Bearing the Mask: Southwestern Persona Poems
Scott Wiggerman and Cindy Huyser
Dos Gatos Press
I was drawn to Bearing the Mask, Southwestern Persona Poems for two reasons. The first is that I feel a reverent love for the Southwest. I spend many days each year exploring its canyons, rivers, and wild lands and have had the honor of hearing stories from many of its residents—white, Latina, indigenous. The second is that I feel personally activated by the movement at Standing Rock. It feels both timely and revolutionary to give light to a body of work that illustrates the relationship between people and their homeland with all its beauty and complexity.
This book arrived in my hands at the right time, and I have spent hours sifting through its sandy pages to the great delay of this review. Allowing the roots of these stories to grow through me as I read, to give my best shot at feeling them, I found was not an easy task in the rush of my day-to-day life. Bringing the desert home to the Bay has never been easy, and this book was no different.
I recommend that everyone who wants a first-rate look at what history—and herstory—actually is in this region of the United States and its borderlands should read this book. While its stories begin from the dawn of time and take us to the present, it is not merely a timeline or a synopsis of events. The authors of these stories looked and listened. An operating definition of “community” that I have utilized in my work as a facilitator is “a place where everyone is seen and heard”. By “everyone” I also mean the animals and plants, the wind, the stone, and the waves. With that, the community of the Southwest comes alive in these pages, from the anole and the moth to the Conquistador and the Indian; from the Alamo to the Wing Walker (p. 110) to Wyatt Earp (p. 116).
I had the sensation that I was reading a collection of photographs, each poem a snapshot of a moment in someone’s life. The authors of the poems were like the photographers, projecting the images through their own hands and standing aside to cast the light on their imagined subjects. It is the first book of its kind I have read and the only one of its kind I am aware of.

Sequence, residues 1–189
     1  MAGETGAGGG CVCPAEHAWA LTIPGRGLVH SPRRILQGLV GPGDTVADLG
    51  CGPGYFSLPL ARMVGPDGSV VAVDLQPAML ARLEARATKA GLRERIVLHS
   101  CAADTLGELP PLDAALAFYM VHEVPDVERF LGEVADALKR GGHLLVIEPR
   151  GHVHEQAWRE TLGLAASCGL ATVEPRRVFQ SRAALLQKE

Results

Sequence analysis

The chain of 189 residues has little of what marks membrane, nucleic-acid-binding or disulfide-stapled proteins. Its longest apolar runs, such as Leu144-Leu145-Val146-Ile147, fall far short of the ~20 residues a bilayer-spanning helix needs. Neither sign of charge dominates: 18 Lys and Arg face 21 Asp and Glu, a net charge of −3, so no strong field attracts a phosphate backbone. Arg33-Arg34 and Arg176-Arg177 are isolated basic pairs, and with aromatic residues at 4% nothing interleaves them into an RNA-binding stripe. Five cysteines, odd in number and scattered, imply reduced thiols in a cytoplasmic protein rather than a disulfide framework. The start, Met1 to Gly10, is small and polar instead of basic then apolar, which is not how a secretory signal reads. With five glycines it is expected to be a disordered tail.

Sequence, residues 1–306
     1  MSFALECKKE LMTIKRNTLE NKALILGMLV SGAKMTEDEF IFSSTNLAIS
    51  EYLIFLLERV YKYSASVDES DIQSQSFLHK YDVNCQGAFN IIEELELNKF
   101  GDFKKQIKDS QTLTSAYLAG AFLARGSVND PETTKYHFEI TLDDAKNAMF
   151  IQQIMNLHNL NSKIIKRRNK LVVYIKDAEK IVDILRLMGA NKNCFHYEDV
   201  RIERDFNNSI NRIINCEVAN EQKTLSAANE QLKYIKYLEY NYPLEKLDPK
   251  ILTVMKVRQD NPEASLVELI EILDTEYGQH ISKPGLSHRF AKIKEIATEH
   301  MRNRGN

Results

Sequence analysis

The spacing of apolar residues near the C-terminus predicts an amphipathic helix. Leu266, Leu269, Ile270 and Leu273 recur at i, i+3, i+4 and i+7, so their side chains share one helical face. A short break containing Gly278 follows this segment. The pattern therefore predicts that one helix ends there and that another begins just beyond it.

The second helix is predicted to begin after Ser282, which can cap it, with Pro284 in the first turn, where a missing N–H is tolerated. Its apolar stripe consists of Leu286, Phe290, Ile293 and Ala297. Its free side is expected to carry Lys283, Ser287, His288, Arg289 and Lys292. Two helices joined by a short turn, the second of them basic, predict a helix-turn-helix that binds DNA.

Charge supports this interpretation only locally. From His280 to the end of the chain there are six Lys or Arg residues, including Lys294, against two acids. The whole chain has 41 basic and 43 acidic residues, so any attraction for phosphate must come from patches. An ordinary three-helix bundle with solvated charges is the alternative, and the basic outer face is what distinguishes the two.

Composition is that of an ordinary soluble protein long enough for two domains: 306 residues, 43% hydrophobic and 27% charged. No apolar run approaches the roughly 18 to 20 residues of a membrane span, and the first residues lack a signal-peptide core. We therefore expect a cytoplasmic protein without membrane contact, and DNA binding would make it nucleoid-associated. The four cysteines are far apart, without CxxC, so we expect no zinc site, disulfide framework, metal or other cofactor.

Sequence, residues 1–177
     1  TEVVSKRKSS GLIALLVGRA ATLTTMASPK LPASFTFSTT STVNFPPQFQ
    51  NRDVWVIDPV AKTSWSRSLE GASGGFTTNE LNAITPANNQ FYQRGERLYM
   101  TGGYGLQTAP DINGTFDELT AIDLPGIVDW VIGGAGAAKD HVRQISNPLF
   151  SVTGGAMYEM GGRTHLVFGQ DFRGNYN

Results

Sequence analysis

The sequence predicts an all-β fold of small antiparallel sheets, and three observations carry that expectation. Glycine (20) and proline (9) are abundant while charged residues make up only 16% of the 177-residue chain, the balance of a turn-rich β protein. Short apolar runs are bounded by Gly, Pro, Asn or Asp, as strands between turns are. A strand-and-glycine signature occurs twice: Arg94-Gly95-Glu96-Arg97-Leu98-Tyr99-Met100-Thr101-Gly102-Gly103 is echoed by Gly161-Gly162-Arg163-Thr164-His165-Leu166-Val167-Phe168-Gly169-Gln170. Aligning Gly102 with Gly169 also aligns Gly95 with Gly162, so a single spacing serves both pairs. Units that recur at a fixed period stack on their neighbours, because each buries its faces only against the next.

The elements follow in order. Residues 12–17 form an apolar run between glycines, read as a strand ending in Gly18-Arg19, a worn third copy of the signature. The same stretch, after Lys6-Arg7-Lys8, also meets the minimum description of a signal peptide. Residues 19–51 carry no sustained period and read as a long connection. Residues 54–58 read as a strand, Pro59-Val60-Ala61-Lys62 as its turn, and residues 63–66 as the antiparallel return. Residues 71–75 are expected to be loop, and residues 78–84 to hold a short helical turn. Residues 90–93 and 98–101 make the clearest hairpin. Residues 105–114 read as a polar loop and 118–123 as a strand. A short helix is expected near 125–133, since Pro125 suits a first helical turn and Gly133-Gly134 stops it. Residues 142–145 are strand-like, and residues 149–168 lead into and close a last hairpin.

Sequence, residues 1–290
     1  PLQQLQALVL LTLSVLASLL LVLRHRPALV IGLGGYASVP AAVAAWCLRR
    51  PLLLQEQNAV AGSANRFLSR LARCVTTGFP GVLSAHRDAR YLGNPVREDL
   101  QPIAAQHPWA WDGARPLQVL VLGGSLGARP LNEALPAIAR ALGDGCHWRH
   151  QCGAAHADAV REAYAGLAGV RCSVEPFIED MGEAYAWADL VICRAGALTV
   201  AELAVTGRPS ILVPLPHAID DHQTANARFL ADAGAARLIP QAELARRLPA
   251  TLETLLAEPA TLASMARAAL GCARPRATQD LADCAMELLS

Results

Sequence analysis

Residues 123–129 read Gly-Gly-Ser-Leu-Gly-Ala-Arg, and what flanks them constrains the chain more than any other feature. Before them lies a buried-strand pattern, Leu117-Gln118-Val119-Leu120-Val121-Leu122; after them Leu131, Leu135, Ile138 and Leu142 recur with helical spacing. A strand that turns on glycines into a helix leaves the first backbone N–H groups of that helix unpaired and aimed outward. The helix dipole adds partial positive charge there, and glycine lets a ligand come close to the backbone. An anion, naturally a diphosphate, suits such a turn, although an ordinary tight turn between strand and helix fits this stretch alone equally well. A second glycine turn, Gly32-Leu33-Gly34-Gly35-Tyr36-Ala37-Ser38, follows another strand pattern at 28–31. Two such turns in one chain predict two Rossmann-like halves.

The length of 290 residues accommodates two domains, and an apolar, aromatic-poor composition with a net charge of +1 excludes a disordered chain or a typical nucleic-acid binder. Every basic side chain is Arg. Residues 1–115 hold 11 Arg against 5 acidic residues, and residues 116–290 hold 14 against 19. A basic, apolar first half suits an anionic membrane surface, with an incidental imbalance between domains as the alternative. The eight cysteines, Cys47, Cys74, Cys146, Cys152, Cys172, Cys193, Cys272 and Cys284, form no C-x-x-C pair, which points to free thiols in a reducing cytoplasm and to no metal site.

On page 54, the Chiricahua Apache chief, Cochise, speaks through the poem of Elina Petrova:
I signed this treaty,
yet my heart is not at peace.
I wanted my people to ride free,
straight as lances
where rocks and trees talk with us -
not to crouch like coyotes
cornered in a corral.
I trust general Howard,
but others, whose word
is like paper, come soon
for our silver and copper.
In these stories, I was reminded that we are still telling one, still bearing the mask. This isn’t history—it’s now. There are still the wars, the struggles, and the dire need for basic rights and resources such as water, that defined the people of the Southwest. Will the same greed, fear, and betrayal that murdered a peacemaker like Cochise prevail to define more lives, or can another choice be made? In this book, every individual, regardless of race, religion, or any other form of status are all connected by one thing: the land. Perhaps we should listen to it.
Coccia is an educator, kite-flier, beachcomber, belly laughter,